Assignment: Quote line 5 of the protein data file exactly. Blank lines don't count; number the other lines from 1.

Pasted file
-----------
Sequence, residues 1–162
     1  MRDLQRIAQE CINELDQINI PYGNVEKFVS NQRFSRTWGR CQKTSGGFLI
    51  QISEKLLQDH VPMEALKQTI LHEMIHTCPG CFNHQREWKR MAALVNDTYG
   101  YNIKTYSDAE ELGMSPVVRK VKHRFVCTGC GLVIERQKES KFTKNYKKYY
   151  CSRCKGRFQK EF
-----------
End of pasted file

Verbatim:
   151  CSRCKGRFQK EF